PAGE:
Kofi Annan, as Secretary-General of the UN, delivered on 6 September 2001 the annual Dag Hammarskjöld Lecture in Uppsala. The homage he paid to his predecessor almost on the day 40 years after his death remains valid:
Dag Hammarskjöld is a figure of great importance for me – as he must be for any Secretary-General. His life and his death, his words and his action, have done more to shape public expectations of the office, and indeed of the Organization, than those of any other man or woman in its history.
His wisdom and his modesty, his unimpeachable integrity and single-minded devotion to duty, have set a standard for all servants of the international community – and especially, of course for his successors – which is simply impossible to live up to. There can be no better rule of thumb for a Secretary-General, as he approaches each new challenge or crisis, than to ask himself, ‘how would Hammarskjöld have handled this?’
Sture Linnér ended his Dag Hammarskjöld Lecture with some final reflections on what Hammarskjöld had accomplished of lasting value in the Congo. He came to the conclusion:
The Congo crisis could easily have provoked armed conflicts in other parts of Africa, even led to a world war. It was Dag Hammarskjöld and no one else who prevented that. And it is certain that for a suffering people he came to be seen as a model; he brought light into the heart of darkness.
This special issue of AJCR on Southern Africa – 50 years after Hammarskjöld revisits in the first part hitherto less known aspects of the Secretary-General’s commitment to find solutions to challenges often considered to be ‘missions impossible’ and recalls the history of the early 1960s in some Southern African dimensions in new perspectives. The articles by Chris Saunders and Tor Sellström are based on genuine archival research. While a lot has been written already on Hammarskjöld and the Congo, they share for the first time some detailed information on his visit to and role in South Africa. Timothy Scarnecchia enters similar unknown territory by exploring so far not yet published archival material, which shows the dynamics linking the turmoil in the Congo to its effects on the formation of the early Zimbabwean anti-colonial resistance to the Rhodesian settler regime. The historical depth and value of these contributions are at the same time a reminder about the essential role the UN’s second Secretary-General played during the times when ‘the winds of change’ started to blow.
The legacy of Hammarskjöld is however far from being confined to the past. He stood for values and norms of global policy-making and international diplomacy in an independent international civil service. In the way he defined and executed his tasks he was – as shown in the first part of this introduction – rather more general than secretary. Fifty years after his untimely and violent death it is therefore most appropriate to bring the relevance of his legacy for today back into public awareness and discourse.
That the challenges Hammarskjöld was confronted with and unable to solve then have remained on the agenda of our current efforts to come to terms with violence and conflict, is shown by the contributions to the second part of this issue. They devote attention to the sub-regional challenges we are confronted with. Henning Melber links the normative framework advocated by Hammarskjöld to the demands put on us to position ourselves in regard to unresolved conflicts in the region, where the need is to speak truth to those in power. James-Emmanuel Wanki revisits Hammarskjöld’s original role in the continuing conflict in the Congo, and the United Nations’ interventions since Hammarskjöld’s death in seeking a solution to the continuing crisis and unabated civil war. Sarah Ancas refers to the cases of Burundi and the Democratic Republic of the Congo as she reflects on the opportunities and limitations of conflict handling within multilateral concerted initiatives. Alfredo Tjiurimo Hengari adds a special emphasis on the emerging collaboration between external players in contrast to continental institutions and the effects this might have.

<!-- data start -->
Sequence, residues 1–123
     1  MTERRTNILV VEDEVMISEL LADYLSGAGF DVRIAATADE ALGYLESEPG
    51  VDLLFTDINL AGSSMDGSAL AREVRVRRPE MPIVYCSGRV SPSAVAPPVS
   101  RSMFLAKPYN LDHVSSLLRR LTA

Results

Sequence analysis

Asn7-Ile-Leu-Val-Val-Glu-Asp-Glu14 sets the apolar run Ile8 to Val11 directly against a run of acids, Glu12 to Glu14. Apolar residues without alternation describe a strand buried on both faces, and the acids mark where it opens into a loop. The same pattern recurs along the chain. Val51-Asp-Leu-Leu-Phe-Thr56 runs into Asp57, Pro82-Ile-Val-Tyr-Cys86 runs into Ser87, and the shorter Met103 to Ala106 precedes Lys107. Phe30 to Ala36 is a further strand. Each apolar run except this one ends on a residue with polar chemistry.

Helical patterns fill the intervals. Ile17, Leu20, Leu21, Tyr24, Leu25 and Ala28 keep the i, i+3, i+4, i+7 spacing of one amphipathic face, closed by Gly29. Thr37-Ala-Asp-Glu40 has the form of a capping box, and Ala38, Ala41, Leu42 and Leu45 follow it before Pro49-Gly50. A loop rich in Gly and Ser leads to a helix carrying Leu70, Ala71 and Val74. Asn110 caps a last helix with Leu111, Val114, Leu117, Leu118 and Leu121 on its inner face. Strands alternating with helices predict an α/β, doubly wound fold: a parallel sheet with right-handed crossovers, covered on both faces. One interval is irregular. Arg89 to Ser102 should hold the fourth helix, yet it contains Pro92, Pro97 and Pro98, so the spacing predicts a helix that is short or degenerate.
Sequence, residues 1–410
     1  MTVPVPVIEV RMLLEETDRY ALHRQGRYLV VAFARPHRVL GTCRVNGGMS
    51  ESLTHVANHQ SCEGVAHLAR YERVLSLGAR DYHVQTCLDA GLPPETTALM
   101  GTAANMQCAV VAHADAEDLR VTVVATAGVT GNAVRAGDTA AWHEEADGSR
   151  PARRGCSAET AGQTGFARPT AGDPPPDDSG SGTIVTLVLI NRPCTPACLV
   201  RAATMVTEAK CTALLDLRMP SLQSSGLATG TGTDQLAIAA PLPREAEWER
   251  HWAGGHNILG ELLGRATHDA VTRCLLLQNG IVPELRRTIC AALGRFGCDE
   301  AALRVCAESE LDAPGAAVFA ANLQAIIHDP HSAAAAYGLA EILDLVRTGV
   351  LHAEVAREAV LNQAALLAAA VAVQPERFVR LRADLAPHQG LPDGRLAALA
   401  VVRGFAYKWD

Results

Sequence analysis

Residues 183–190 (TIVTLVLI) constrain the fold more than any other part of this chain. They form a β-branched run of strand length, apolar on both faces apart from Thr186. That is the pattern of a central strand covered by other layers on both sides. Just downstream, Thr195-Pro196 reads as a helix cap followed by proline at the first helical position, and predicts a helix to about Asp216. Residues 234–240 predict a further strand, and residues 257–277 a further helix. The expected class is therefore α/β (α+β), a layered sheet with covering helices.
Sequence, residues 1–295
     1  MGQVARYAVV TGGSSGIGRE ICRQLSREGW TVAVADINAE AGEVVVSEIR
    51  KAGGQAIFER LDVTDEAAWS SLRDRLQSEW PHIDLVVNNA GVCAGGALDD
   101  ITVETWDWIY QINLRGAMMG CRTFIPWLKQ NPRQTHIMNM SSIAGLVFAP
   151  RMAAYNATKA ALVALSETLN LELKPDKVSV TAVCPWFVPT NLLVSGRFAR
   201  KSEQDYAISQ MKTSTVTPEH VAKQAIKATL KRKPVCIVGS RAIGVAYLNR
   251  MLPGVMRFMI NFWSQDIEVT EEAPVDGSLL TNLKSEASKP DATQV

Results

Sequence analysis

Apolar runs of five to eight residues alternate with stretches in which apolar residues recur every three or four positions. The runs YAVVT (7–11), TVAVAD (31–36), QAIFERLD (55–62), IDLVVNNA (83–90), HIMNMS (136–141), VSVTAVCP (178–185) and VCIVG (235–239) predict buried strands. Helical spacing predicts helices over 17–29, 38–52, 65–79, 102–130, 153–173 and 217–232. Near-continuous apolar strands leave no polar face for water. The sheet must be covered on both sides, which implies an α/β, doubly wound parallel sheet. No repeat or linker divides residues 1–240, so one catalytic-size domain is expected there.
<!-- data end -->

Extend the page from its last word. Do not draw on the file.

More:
This special issue underlines the current relevance of Hammarskjöld’s legacy and the continued relevance of his mindset and convictions for our efforts today to enhance peace and reduce violence and discrimination. This covers not only dimensions seeking to protect individual people. It also includes efforts to ensure more equal relations among states within the international system, often misleadingly called ‘order’ but more often tantamount to a structurally embedded disorder. By doing so, the following contributions also articulate parameters for better conduct by and among states and their leaders, respecting the interest of ‘We, the Peoples’ as the Preamble of the United Nations Charter declares (in contrast to what follows in the actual clauses, which focus on the governments of states).
The pages following are the result of collaboration between ACCORD and the Dag Hammarskjöld Foundation. It thereby also strengthens the institutional ties seeking to overcome the North-South divide. I am grateful to members of the AJCR team for their support. Jannie Malan generously offered (and practised) constant, meticulous support during the editing of this issue. Angela Ndinga-Muvumba also backed us up with her warm and generous support during the production process. Thanks to both their support and the timely delivery of quality texts by the authors, we are able to publish this issue as planned in time for being launched at the international conference co-arranged between the Dag Hammarskjöld Foundation and the Department of Political Sciences at the University of Pretoria. It takes place in mid-July 2011 at the Pretoria campus and has as theme ‘The United Nations and Regional Challenges in Africa – 50 Years after the Death of Dag Hammarskjöld’. The collection of articles presented here will certainly add value to the scholarly deliberations.